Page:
David Beamer, a board member of the 9/11 Memorial whose son, Todd Beamer, died with the other passengers on Flight 93 said, "These trees, living and growing will show the inexorable link between Ground Zero and Shanksville. They will be a lasting and living testimony that the 40 of Flight 93 are remembered by New York."

Gordon Felt, President, Families of Flight 93 said, "These magnificent trees will stand in memory of the 40 heroes who took action against the terrorists on board United Flight 93 when they learned about the horror unfolding at the World Trade Center and at the Pentagon. We are deeply grateful to the leadership of National September 11 Memorial & Museum and know the trees' presence at the Flight 93 National Memorial will be a comfort to the family members of those who died on board Flight 93 and all those who visit the memorial."

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ABOUT THE FLIGHT 93 NATIONAL MEMORIAL

On September 24, 2002, President Bush signed into law the Flight 93 National Memorial Act. The Act created a new national park unit to commemorate the passengers and crew of Flight 93 who, on September 11, 2001, courageously gave their lives thereby thwarting a planned attack on our nation's capital. The memorial is outside Shanksville, Pennsylvania, where Flight 93 crashed with the loss of its 40 passengers and crew.For more information about the Flight 93 National Memorial, please visit www.nps.gov/flni. For information on how to support the building of the memorial, go to www.honorflight93.org.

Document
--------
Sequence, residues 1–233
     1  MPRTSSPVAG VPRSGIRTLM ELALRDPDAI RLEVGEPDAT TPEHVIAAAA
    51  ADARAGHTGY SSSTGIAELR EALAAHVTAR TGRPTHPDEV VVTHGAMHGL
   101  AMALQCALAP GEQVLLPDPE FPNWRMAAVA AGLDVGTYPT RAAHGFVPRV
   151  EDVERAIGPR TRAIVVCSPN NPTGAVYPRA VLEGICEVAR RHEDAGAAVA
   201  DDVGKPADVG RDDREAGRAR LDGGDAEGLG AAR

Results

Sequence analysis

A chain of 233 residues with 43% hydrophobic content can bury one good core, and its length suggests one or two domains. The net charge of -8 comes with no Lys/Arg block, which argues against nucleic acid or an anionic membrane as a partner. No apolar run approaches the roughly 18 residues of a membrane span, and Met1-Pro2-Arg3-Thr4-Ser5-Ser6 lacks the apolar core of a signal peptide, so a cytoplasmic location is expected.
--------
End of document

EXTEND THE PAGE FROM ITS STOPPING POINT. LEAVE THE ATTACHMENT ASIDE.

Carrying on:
FACEBOOK http://www.facebook.com/honorflight93

ABOUT THE NATIONAL SEPTEMBER 11 MEMORIAL & MUSEUM

The National September 11 Memorial & Museum is the not-for-profit corporation created to oversee the design, raise the funds, and program and operate the Memorial and Museum at the World Trade Center site. The Memorial and Museum will be located on eight of the 16 acres of the site. The Memorial will be dedicated on the 10th anniversary of the 9/11 attacks and will open to the public the following day. The Museum will open in 2012.

The Memorial will remember and honor the nearly 3,000 people who died in the horrific attacks of September 11, 2001 and February 26, 1993. The design, created by Michael Arad and Peter Walker, consists of two pools formed in the footprints of the original Twin Towers and a plaza of trees.

The Museum will display monumental artifacts linked to the events of 9/11, while presenting intimate stories of loss, compassion, reckoning and recovery that are central to telling the story of the 2001 attacks and the aftermath. It will communicate key messages that embrace both the specificity and the universal implications of the events of 9/11; document the impact of those events on individual lives, as well as on local, national, and international communities; and explore the continuing significance of these events for our global community.

When the Memorial opens, construction will continue on the other World Trade Center projects and free visitor passes will be temporarily required. To plan a visit to the Memorial or learn how to contribute, go to 911memorial.org.

Follow the Memorial & Museum on Twitter: @sept11memorial.

Did You Know?

A former Shanksville-Stonycreek student shares his story

The memorial's oral history collection now contains oral histories from more than 815 people with a direct connection to Flight 93.